Why chip shortages continue to plague the auto industry post-covid

Photo: Reuters
Photo: Reuters


The covid-19 pandemic led to a global shortage of semiconductor chips as demand for electronic devices surged, which caused supply chain disruptions across sectors

A pandemic-induced global shortage of semiconductor chips drove down global auto volumes by a quarter in 2021. The pandemic is over now, and India recorded its best passenger vehicle sales in FY23. So why do shortages continue to niggle? Mint explains:

How has chip supply shaped up since 2021?

The covid-19 pandemic led to a global shortage of semiconductor chips as demand for electronic devices surged, which caused supply chain disruptions across sectors. The automotive industry relies heavily on these chips for various functions, and was hit particularly hard. According to JP Morgan Research, “the chip shortage is all but over". Global automotive sales volumes are expected to rise 3% in 2023, compared to a 26% decline in the first 9 months of 2021. In general, supplies are expected to improve as capacities that started getting added in 2022 continue to be enhanced in 2023.

What then is the challenge?

While there is improved overall availability, the nature of the supply chain disruption has changed. Increasing electrification and a preference for high-end passenger vehicles means that shortages of specific chips and electronics will continue for some products. This in turn means many vehicle manufacturers are unable to ramp up volumes of in-demand products. For instance, some Indian automakers are grappling with a dearth of electronic control unit chips for airbags, which is impacting waiting periods. These shortages could remain through 2023 and continue in 2024, JP Morgan said.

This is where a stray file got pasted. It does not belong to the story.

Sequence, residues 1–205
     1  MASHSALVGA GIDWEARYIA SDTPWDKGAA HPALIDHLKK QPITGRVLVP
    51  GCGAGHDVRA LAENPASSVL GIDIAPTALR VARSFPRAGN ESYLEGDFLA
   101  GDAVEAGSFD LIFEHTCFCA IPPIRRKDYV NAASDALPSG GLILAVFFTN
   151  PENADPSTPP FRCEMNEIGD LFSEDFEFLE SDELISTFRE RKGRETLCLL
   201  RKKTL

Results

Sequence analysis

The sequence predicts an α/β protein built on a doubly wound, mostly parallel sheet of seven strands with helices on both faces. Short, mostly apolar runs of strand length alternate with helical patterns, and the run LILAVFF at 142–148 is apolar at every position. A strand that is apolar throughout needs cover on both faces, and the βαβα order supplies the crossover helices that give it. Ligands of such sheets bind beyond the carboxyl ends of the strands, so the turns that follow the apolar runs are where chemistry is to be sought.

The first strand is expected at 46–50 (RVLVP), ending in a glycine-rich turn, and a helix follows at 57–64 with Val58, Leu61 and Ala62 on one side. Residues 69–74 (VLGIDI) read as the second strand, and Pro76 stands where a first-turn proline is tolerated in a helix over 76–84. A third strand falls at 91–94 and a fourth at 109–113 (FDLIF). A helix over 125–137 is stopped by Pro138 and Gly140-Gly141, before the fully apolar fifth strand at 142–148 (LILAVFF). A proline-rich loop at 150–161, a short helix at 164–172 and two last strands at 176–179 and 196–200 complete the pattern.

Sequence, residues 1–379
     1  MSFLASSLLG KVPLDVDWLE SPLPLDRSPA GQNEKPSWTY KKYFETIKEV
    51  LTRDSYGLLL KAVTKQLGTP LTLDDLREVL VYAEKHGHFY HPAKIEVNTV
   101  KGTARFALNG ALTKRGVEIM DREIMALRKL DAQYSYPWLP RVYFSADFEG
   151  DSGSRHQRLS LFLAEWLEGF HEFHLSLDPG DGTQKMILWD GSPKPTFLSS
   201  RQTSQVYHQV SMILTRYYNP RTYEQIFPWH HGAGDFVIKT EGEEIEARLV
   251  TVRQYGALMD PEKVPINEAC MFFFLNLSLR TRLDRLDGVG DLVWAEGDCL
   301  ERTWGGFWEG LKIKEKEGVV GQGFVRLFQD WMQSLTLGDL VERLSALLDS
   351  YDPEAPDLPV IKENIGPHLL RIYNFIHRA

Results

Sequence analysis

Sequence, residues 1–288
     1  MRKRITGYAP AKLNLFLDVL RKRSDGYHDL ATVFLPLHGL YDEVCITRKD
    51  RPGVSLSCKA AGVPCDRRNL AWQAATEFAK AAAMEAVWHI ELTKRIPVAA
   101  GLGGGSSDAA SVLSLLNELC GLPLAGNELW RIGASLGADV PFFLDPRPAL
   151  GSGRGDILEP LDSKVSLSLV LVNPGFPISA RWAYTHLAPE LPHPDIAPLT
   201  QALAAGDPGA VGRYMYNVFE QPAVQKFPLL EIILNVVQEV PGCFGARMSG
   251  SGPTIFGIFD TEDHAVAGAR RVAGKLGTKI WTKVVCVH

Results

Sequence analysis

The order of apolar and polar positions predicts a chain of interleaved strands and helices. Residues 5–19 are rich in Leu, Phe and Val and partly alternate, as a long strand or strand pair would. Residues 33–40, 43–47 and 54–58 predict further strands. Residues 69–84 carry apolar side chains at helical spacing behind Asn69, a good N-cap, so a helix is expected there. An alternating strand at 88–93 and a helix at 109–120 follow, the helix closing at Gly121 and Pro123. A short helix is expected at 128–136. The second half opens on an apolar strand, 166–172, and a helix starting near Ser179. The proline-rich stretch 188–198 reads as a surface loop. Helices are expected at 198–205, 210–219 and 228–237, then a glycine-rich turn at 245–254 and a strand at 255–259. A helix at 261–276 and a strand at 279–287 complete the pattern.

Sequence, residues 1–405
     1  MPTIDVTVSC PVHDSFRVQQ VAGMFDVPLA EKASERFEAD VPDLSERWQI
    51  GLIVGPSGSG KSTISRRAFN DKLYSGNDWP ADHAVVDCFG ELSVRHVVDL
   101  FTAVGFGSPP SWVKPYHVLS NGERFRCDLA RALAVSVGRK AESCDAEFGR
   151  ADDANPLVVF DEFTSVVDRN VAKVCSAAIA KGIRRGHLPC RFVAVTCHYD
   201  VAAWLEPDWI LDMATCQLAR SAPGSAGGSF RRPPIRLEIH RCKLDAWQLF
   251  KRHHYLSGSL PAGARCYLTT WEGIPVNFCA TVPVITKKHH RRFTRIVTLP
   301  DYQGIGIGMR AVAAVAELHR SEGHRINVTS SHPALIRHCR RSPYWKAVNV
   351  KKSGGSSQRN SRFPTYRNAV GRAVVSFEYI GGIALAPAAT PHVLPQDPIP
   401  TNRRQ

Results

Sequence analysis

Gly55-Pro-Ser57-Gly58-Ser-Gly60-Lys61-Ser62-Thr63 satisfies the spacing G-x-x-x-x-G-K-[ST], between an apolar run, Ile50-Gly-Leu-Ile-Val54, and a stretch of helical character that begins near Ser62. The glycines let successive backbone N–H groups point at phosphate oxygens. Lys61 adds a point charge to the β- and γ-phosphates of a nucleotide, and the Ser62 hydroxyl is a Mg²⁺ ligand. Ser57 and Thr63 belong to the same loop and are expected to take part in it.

Have delivery dates improved for automakers?

There were some signs of easing in the chip shortage in the last few quarters of fiscal year 2023, but availability is uncertain again in Q1 of 2024. As a result, delivery dates for some popular models continue to lag. M&M is facing issues with its popular Scorpio-N, and Toyota has temporarily halted bookings for top trims of its Hycross SUV due to supply issues.

What is the impact on production plans?

Maruti Suzuki, India’s largest carmaker, expects the chip shortage to continue to impact production in FY24. Supplies in the first month of this quarter look worse than in the last quarter of financial year 2023, Maruti Suzuki chairman R.C. Bhargava said. The company lost 170,000 units in production in financial year 2023 due to the semiconductor shortage. Luxury carmakers like Mercedes Benz have even postponed new product launches to ensure they have enough chips to fulfil demand.

What is the outlook for chip availability?

A general improvement in availability can still pan out very differently for companies. Automakers are hopeful that the situation will ease in the coming months, but the visibility of chip availability is still limited. Passenger vehicle makers are factoring a 6-8% volume growth to up to 4.10 million units this fiscal. But each automaker’s growth will depend on chip availability and how they match demand. Firms are prioritizing top-of-the-line variants to maximize profitability.

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